There is momentum behind this idea. Across the country, cities and states have declared racism a public health crisis. The American Academy of Family Physicians has also called for the declaration of a public health emergency. Last year, Senator Elizabeth Warren and Representatives Ayanna Pressley and Barbara Lee proposed a bill that would instruct the Centers for Disease Control and Prevention (C.D.C.) to create a center addressing the impact of racism on public health. The White House has created a Covid-19 health equity task force that will make recommendations to improve the federal government’s data on racial disparities and its response to them.
Studies and recommendations are good, but communities of color need action now, and a declaration by H.H.S. that racism is a public health emergency would have immediate impact. Under the Public Health Service Act, the declaration would allow HHS to allocate resources and personnel to tackle the issue, much like it has for the pandemic as a whole and for the opioid crisis. For instance, the it could allow workers from hard hit communities of color who lost their jobs because they had to take time off after becoming ill to use National Health Emergency Demonstration Grants to find employment.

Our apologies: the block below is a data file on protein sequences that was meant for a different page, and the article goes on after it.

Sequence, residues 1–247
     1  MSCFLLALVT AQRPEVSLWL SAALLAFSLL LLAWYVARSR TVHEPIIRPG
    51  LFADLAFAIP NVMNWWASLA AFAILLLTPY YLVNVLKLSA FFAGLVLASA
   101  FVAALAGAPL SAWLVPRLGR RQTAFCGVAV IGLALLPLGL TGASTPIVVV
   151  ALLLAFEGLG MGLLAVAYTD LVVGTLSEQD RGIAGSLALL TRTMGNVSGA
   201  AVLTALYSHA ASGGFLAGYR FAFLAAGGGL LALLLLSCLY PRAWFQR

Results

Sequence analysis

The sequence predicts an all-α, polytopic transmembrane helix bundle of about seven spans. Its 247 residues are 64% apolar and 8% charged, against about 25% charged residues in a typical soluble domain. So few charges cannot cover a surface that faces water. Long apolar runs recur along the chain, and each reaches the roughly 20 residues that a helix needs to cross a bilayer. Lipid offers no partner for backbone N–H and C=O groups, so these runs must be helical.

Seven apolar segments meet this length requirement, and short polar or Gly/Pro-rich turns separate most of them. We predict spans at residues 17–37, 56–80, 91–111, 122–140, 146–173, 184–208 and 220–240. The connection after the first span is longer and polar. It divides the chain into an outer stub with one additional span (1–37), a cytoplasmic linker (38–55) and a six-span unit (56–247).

It’s true that and policies designed for individuals of particular races may face legal challenges. But the programs that flow from a declaration that racism is a public health crisis could avoid this by targeting communities rather than individuals.